Maryland’s individual health insurance market is in danger of collapse if government and industry don’t find ways to persuade younger, healthier people to purchase coverage, a legislative panel was told Wednesday.
The culprit, according to industry leaders, is the decision late last year by Congress and President Trump to repeal the individual mandate portion of the Affordable Care Act.
“What we have seen is a shrinking of the enrollment, particularly off [Maryland’s health insurance] exchange,” Chet Burrell, CEO of CareFirst BlueCross, told the Senate Finance committee. “The reason for this, we think, is that premiums have reached a level that few can afford. And if you’re off the exchange, you’re paying the entire premium yourself.”
Burrell, who testified alongside a top official from Kaiser Permanente, the other firm offering coverage in the individual market in Maryland, expressed concern about “the viability of this market going forward.”
Sen. Brian J. Feldman (D-Montgomery), who has co-sponsored legislation to address the problem, told reporters, “We’re now seeing young, healthy people pull out of the insurance pool, which causes everybody else’s premiums to go up. We’ve got to find a way to get those folks back into the individual insurance market [and] stabilize the insurance market.”
Feldman and Del. Joseline Pena-Melnyk (D-Prince George’s, Anne Arundel) have drafted legislation that would reimpose, at the state level, the penalty that individuals without insurance paid under Obamacare. But rather than collect that money, the state would combine it with federal tax credits to purchase coverage for the individual.
In essence, advocates of the Protect Maryland Health Care Act say, the penalty becomes a “down payment” on an insurance plan. “It’s a way to keep people enrolled and insured,” Pena-Melnyk said.
Stan Dorn, a policy expert at FamiliesUSA, a group that lobbied on behalf of the Affordable Care Act and a Maryland resident, helped devise the proposal. He told lawmakers that most individuals without insurance — given a choice between paying a $700 penalty or converting that penalty into a “pre-payment” — would choose the latter.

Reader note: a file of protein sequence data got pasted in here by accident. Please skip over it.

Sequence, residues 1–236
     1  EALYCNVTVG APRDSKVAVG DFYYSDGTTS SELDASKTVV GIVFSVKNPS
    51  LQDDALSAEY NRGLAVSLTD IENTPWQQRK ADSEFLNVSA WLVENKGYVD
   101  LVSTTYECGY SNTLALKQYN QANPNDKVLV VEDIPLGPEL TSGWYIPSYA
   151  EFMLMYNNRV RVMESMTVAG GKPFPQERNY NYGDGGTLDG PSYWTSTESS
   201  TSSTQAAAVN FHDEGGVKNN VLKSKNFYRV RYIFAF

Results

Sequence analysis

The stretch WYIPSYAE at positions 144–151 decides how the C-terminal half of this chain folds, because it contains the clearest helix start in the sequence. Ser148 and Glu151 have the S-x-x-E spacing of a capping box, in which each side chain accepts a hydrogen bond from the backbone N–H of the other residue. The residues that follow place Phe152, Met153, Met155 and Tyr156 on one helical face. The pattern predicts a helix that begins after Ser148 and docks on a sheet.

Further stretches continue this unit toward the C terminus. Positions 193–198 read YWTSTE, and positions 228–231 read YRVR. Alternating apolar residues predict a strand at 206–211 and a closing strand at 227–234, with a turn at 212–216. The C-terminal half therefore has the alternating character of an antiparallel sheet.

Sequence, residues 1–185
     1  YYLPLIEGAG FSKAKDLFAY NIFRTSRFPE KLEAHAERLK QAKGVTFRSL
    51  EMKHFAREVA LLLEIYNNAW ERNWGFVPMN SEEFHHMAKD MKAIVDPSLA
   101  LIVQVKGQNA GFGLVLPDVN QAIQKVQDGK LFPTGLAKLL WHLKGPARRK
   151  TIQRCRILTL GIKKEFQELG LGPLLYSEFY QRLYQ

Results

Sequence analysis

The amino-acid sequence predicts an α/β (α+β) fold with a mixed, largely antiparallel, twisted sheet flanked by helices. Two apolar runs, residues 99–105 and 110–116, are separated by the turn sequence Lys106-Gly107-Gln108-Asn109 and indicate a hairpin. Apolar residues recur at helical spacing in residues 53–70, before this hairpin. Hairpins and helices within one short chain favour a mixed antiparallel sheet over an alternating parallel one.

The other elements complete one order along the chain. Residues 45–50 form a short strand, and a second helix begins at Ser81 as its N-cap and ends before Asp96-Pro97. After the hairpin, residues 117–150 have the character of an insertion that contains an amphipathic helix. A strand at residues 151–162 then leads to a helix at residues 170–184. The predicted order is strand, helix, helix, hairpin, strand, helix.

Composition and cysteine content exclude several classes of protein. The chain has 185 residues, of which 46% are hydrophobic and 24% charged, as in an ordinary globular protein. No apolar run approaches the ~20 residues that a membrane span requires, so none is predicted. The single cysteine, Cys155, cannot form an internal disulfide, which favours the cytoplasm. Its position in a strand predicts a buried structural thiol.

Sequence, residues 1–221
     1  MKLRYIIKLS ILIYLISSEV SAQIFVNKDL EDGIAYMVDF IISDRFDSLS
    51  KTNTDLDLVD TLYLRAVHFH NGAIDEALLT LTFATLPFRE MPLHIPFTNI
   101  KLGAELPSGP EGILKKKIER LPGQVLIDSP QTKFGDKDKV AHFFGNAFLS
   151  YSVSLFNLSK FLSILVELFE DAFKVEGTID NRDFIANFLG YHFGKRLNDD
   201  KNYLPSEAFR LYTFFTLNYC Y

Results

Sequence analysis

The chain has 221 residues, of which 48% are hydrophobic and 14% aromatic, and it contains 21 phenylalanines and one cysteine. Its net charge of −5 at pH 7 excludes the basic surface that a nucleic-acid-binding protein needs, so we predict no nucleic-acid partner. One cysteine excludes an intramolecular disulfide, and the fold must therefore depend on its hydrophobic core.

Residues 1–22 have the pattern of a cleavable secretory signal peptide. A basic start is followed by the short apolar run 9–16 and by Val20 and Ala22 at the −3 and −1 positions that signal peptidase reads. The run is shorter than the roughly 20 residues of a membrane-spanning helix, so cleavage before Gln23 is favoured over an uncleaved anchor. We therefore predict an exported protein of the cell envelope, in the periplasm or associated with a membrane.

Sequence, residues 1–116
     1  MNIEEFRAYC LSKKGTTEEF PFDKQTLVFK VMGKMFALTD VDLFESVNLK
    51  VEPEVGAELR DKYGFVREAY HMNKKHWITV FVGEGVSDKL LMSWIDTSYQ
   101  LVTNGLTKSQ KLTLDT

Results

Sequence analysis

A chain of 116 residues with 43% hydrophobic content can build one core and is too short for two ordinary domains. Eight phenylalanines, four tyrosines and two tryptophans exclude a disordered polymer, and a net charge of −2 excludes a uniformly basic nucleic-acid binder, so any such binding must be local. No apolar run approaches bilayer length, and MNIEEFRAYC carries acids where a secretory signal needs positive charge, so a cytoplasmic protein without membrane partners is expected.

A person seeking family coverage would potentially pay an additional $25 a month in premiums, Dorn said. He told the Senate Finance Committee that U.S. Census data suggests there are 60,000 Maryland residents, most younger than 35, who would qualify for individual coverage without additional monthly cost.
“By doing everything we can to make it a no-brainer for people to get coverage, we’re going to get some significant improvements in the risk pool — without spending state money, without getting a federal waiver, and without imposing taxes on the citizens of Maryland,” Dorn said.
Not calling the penalty a tax could be key to getting a buy-in from Gov. Lawrence J. Hogan (R), whose support is considered critical. Hogan, who won in 2014 by criticizing former Gov. Martin O’Malley (D) for repeatedly raising taxes, met with legislative leaders to discuss the looming health insurance crisis this week.
While he has urged lawmakers to address the problem, he has not championed a particular bill. His deputy legislative officer, Matt Palmer, read excerpts from the governor’s public comments during a brief appearance at the hearing, but he offered no new insight into the governor’s position.
“The politics of a tax versus a fee is very much on the table,” said panel Chairman Thomas M. “Mac” Middleton (D-Charles), part of the group that met with Hogan. Middleton is backing a measure he describes as a “Band-Aid.” It would provide $350 million “to stabilize the individual market” this year, while work continues on a longer-term solution.
Funding for the short-term fix could come from a windfall the state is expecting in corporate income tax receipts this year.
Shareese DeLeaver-Churchill, a Hogan spokeswoman, said in a statement that the governor’s meetings with lawmakers “have been very productive, and they will continue going forward as we work to address this important issue.”
Burrell, the CareFirst executive, told the committee that people with stable health comprise about 75 percent of the market in Maryland. The remaining 25 percent, “those that are sick, to varying degrees” represents a 100-to-1 difference in medical costs.
“This is a classic death spiral in a market, where the healthy leave first and the sick remain because they need the coverage. And in the end premiums rise steeply and can’t ultimately catch up to what the cost is,” Burrell said.
Maryland’s insurance Commissioner Alfred W. Redmer Jr. agreed, telling the panel, “The market will implode if we don’t act and act soon.”
Marta Harting, an attorney representing Kaiser, expressed concern about the administrative costs of the bill. In addition, she told the committee, “It sends a message that you don’t need to sign up for insurance. That’s not the message we want to send.”
The legislature is looking at a raft of health insurance bills this session. One, modeled after laws passed in New York and Minnesota, would provide coverage for individuals making up to 200 percent of poverty through state contracting plans, largely paid by the federal government.
“In the two years since they implemented it, enrollment more than doubled,” Dorn said. “Hundreds of thousands of uninsured people signed up for coverage, disproportionately young adults.”
Another measure, backed by Sen. Paul G. Pinsky and Del. Erek Barron, Democrats from Prince George’s, would have Maryland adopt a single-payer model. That measure is up for a hearing next month.